Counter 70 includes a master reset input terminal to which there is applied a signal from regulating circuit 34 via line 124 indicative of whether the system is in a motoring or a braking mode of operation. During motoring this signal maintains each output of counter 70 at a logic 0 level whereby all the switches 52, 54, and 56 are maintained open. During braking this signal allows the counter to increment in response to clock signals. As will be apparent, on a first clock signal counter 70 will energize switch actuator 102 resulting in closure of switch 52. On a second clock signal counter 70 will energize switch actuator 104 to close switch 54 but will deenergize actuator 102 thereby allowng switch 52 to open. As previously noted the switch drop-out time is longer than the pick-up time in order to prevent open circuits. In this manner counter 70 sequentially counts upward energizing and deenergizing the switch actuators to selectively step through the available resistance stages.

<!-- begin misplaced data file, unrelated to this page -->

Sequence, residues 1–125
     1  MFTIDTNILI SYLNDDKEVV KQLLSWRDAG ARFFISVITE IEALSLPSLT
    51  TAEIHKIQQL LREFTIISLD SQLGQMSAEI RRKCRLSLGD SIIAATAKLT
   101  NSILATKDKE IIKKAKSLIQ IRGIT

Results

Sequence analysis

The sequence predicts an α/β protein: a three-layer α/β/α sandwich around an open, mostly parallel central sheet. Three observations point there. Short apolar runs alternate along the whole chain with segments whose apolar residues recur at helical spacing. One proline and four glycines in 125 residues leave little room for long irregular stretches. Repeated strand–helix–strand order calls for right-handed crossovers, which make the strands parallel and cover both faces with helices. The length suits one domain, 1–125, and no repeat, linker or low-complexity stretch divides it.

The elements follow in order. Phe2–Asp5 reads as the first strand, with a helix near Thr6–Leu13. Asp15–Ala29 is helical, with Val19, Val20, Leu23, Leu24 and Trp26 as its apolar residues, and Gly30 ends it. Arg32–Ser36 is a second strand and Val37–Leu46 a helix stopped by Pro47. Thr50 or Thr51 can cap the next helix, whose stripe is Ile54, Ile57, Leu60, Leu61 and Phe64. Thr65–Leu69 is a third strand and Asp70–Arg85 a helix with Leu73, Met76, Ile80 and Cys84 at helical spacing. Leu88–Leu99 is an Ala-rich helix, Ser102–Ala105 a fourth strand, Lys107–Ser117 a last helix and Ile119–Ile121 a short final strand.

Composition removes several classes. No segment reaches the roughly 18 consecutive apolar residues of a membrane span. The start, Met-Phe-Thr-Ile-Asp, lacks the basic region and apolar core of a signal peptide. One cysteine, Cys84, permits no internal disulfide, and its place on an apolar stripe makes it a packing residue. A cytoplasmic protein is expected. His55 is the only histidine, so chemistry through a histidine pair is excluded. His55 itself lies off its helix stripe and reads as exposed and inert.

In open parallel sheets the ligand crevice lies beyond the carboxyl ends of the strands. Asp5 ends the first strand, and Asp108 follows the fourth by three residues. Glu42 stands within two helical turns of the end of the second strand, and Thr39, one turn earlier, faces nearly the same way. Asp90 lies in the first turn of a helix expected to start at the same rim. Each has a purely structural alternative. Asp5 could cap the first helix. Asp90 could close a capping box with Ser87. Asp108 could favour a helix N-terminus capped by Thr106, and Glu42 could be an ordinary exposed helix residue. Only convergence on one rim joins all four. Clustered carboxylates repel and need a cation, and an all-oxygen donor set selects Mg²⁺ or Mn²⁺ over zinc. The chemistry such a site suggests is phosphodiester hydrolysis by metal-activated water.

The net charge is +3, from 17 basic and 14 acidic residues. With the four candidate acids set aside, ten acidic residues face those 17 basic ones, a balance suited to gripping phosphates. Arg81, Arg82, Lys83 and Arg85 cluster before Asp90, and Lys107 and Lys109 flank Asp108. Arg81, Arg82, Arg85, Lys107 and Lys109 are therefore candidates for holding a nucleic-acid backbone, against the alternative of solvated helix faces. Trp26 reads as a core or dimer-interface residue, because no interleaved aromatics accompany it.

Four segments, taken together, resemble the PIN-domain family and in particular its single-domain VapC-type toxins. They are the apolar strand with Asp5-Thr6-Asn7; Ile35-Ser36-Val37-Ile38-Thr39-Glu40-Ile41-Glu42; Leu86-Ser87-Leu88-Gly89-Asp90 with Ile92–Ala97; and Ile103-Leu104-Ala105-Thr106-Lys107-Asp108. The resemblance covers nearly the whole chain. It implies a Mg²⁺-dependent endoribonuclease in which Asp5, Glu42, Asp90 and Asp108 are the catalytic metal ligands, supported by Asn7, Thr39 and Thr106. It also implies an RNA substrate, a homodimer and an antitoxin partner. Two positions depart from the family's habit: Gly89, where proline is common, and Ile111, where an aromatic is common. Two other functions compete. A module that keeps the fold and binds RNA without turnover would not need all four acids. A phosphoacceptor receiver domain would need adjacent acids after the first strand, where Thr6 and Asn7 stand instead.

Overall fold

If the source voltage begins to drop at line 20, comparator 80 will provide an output signal through time delay filter circuit 82, OR gate 68 and AND gate 74 to clock counter 70. When this situation exists the signal from comparator 64 will be at a low voltage level and since this latter signal controls the direction of count of counter 70, the counter will increment downward. This will clearly result in the switches 52, 54, and 56 being deenergized in the reverse order to that in which they were energized. The alternate circuit of FIG. 2 will likewise deenergize the switches in the reverse order; however, this circuit responds to line current and line voltage at a smaller differential and thus allows an increased amount of regenerative current.